I've seen their name mentioned on the web, but when we went to the Amherst train show, and I was able to see their products first hand, I was sold. Fast Tracks for me!

I won't go into details on how to assemble using their products, as they have excellent instructions on their web site. What I will be posting up here is anything I've found that doesn't fit, or is a bit more unusual.

My first attempt came out pretty good. As I only have very limited experience with soldering, I think this is a strong testament to the quality of their products, and the great instructional vidos they produce.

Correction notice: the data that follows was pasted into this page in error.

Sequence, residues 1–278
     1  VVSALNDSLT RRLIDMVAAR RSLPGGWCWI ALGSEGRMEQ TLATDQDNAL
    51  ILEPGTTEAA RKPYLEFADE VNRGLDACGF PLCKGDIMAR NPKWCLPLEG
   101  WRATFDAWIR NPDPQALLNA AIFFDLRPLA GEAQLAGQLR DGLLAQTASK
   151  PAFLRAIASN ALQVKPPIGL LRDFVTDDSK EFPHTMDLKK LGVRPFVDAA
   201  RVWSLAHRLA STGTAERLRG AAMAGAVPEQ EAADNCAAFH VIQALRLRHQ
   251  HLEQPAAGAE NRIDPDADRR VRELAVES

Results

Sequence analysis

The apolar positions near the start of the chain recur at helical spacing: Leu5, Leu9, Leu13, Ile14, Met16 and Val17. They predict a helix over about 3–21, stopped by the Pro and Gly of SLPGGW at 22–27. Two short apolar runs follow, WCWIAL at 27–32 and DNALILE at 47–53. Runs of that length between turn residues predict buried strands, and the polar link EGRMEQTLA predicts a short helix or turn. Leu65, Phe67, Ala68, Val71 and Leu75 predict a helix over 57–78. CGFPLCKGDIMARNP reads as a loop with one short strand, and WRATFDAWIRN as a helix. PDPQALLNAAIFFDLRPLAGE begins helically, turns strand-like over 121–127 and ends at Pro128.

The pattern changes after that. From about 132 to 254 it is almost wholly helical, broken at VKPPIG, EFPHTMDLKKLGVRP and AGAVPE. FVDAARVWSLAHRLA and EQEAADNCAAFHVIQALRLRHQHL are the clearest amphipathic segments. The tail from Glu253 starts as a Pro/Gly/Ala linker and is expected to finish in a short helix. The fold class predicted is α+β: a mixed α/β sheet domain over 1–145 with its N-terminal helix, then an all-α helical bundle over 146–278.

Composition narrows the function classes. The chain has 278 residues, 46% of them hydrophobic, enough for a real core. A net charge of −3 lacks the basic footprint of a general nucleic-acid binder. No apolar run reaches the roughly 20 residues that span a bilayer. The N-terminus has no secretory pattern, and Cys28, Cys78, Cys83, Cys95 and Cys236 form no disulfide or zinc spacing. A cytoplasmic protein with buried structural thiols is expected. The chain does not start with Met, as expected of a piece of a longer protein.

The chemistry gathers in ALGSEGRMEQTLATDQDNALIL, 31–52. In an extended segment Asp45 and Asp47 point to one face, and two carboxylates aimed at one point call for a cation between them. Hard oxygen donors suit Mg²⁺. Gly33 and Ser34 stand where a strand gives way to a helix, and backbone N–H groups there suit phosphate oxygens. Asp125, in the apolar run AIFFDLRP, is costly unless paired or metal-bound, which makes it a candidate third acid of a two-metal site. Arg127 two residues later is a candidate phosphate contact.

Here's a quick video of the turnout in action.

I than tested it for electrical contact, and after a half hour of chasing ghosts, I was able to run a DC loco over it with no problems. I had gapped correctly, but there were transient strings of copper on the edges of the PC ties that were shorting it out.

With that under my belt, I dove right into the hoopla. I decided I wanted a crossover, and not just two turnouts laid back to back, but one that had a solid piece of rail from the diverging stock rail to the opposing frog.

3 hours later....

The completed cross over

Here it is with the previous standard turnout for size comparison

I have put it on top of the Fast Tracks quick sticks ties for this turnout to show it's compressed size.

One of the huge advantages of the Fast Tracks system is you can really compress complicated track work. Here is how I've originally planned the entrance to the yard

And here shows how tight you can move the switches, gaining (in this case) a couple of inches on the far end.


So how does it work? See for your self!